Pyramids of Giza

Published: 2019-10-18 11:30:00
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According to Millard (2005), the pyramids of Giza were the largest and only surviving among the seven wonders of the ancient world. These massive stone structures are located on the outskirts of Cairo, Egypt. Researchers, scholars, historians, and early explorers believed these structures served as tombs for ancient pharaohs. However, over the years, there have been many theories surrounding the construction of these structures. An estimate puts the construction of these structures at approximately 2600BC. For almost four millennia, the great pyramid of Giza was the worlds tallest man made structure at over 145 meters in height (Levy, 2006). The construction of the pyramids has puzzled people for thousands of years. Construction involved transporting massive stone blocks from quarries south of the complex and transporting them by barge on the Nile. The exterior of the pyramids received a limestone coating mined across the Nile although most of the exterior covering has been lost over time.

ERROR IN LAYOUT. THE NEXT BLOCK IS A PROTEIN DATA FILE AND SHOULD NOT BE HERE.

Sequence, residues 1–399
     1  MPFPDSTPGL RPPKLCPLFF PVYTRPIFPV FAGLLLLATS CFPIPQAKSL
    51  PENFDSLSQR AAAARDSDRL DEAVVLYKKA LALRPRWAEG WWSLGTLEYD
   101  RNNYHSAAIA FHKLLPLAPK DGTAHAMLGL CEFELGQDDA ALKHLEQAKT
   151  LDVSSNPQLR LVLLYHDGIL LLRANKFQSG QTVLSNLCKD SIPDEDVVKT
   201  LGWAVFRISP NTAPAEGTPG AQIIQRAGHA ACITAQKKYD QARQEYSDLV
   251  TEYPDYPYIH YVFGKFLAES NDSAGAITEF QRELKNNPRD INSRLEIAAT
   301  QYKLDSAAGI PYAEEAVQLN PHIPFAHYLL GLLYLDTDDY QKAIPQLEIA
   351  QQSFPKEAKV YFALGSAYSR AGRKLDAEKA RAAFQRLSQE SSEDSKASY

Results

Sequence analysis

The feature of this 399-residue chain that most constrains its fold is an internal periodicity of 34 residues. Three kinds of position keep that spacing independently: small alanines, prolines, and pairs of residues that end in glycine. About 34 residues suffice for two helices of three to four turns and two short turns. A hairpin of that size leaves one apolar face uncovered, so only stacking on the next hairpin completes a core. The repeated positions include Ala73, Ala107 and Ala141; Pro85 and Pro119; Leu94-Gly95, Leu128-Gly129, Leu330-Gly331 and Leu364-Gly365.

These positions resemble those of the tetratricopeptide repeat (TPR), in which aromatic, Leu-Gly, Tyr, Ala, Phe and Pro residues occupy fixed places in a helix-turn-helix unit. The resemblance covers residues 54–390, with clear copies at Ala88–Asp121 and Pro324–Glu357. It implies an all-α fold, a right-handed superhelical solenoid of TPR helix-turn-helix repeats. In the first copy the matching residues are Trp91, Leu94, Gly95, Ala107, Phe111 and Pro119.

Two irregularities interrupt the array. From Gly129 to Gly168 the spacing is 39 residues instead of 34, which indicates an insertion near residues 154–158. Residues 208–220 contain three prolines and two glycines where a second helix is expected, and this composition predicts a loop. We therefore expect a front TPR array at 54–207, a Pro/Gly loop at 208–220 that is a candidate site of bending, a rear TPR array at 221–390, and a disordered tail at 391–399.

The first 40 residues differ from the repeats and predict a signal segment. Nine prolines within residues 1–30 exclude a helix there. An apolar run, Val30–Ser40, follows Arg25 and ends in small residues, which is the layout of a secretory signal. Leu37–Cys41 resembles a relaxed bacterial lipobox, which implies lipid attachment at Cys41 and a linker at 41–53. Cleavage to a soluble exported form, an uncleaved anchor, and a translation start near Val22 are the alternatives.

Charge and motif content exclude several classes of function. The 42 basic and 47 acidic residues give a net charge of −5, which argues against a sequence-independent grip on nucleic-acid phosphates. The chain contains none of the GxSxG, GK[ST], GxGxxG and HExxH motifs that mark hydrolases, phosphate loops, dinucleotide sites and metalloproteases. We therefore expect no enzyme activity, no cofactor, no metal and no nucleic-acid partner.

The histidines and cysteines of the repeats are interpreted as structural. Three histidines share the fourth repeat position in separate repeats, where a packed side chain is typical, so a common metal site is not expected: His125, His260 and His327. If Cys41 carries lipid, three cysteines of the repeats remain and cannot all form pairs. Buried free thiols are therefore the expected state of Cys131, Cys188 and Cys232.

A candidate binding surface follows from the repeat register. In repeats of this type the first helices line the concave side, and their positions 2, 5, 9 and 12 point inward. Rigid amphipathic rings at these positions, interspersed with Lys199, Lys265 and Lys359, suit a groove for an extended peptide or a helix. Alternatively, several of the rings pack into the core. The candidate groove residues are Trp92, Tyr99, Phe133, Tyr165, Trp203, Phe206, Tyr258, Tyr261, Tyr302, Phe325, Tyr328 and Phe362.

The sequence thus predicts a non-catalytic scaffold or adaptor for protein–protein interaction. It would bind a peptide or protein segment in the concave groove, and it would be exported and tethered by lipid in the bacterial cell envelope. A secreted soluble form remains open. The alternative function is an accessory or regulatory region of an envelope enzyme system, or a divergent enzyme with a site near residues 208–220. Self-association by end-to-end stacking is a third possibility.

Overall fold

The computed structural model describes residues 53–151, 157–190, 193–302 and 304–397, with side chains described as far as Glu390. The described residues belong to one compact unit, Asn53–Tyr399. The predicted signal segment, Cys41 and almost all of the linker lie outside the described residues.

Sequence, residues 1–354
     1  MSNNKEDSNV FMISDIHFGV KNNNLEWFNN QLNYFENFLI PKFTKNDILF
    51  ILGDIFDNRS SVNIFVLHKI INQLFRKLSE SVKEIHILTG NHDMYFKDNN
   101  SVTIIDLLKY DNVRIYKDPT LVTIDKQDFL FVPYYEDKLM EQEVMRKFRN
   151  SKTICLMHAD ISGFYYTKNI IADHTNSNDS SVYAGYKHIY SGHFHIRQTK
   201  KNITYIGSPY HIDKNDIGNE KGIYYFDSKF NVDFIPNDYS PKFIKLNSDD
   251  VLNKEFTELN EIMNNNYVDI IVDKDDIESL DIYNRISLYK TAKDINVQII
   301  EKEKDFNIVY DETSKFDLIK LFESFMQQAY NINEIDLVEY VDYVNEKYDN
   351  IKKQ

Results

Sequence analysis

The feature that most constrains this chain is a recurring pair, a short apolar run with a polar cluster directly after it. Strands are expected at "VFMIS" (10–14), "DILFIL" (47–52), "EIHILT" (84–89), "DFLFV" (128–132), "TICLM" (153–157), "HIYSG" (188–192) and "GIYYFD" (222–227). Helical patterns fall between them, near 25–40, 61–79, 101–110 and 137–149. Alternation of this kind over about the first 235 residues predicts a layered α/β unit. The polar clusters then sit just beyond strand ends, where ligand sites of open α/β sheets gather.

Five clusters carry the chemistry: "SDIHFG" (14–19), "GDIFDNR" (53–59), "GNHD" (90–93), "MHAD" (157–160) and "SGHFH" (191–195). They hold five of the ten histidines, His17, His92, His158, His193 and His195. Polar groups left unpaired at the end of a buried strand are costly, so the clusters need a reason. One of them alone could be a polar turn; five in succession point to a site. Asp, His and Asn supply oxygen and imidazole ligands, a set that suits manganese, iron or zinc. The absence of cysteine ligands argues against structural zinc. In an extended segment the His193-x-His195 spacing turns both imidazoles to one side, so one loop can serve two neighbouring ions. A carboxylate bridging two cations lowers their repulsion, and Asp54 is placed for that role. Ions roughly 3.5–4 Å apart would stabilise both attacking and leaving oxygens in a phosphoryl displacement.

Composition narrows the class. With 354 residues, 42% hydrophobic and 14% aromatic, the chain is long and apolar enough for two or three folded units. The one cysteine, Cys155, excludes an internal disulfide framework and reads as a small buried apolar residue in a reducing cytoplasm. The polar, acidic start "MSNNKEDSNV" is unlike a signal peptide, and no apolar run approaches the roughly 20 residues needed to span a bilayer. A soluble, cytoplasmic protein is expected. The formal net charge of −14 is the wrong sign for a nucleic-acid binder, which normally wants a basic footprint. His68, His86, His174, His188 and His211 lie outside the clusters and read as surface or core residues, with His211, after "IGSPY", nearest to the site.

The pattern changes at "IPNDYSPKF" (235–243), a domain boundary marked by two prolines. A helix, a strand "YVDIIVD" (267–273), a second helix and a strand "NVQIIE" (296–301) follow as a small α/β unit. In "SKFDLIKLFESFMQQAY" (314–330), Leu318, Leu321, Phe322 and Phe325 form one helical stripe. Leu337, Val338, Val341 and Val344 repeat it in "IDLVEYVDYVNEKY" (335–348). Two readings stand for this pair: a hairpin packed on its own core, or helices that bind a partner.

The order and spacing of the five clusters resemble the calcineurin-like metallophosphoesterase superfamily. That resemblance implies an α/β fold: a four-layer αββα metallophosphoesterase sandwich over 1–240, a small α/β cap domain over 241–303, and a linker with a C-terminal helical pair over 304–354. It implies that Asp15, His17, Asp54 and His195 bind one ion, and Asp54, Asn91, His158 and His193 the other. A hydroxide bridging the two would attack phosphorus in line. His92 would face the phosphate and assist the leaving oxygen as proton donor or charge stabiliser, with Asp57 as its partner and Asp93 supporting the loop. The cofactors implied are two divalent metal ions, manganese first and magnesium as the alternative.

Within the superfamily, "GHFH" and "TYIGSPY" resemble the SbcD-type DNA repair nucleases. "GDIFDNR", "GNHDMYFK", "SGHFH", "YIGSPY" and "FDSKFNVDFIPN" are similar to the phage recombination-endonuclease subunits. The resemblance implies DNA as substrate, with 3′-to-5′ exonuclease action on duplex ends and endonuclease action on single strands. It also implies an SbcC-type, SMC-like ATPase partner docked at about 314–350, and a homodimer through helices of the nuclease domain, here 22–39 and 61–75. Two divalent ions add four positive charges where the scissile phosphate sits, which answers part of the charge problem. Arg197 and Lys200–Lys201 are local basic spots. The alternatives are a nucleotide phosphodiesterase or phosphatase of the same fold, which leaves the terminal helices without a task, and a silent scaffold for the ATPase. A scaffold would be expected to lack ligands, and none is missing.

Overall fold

The mystery surrounding the construction of the pyramids has gone on for thousands of years. Historians and researchers alike do not understand how ancient workers without the benefit of modern machinery and equipment were able to manage such complex constructions. According to historical records, construction of the pyramids needed 100000 laborers some from as far as Palestine working for 30 years to complete a single pyramid. The location and positioning of the pyramids also contributes to the mystery surrounding the pyramids. In addition, the pyramids position aligns them to astronomical positions (Millard, 2005). This has led to theories about the structures having been constructed by aliens. Many theories about the pyramids abound. Ben Carson a renowned neurosurgeon is quoted as saying that the pyramids are in fact silos built by Joseph during his time in Egypt according to the biblical story. However, the most accepted theory is that thousands of laborers built these massive structures over decades as tombs for their kings.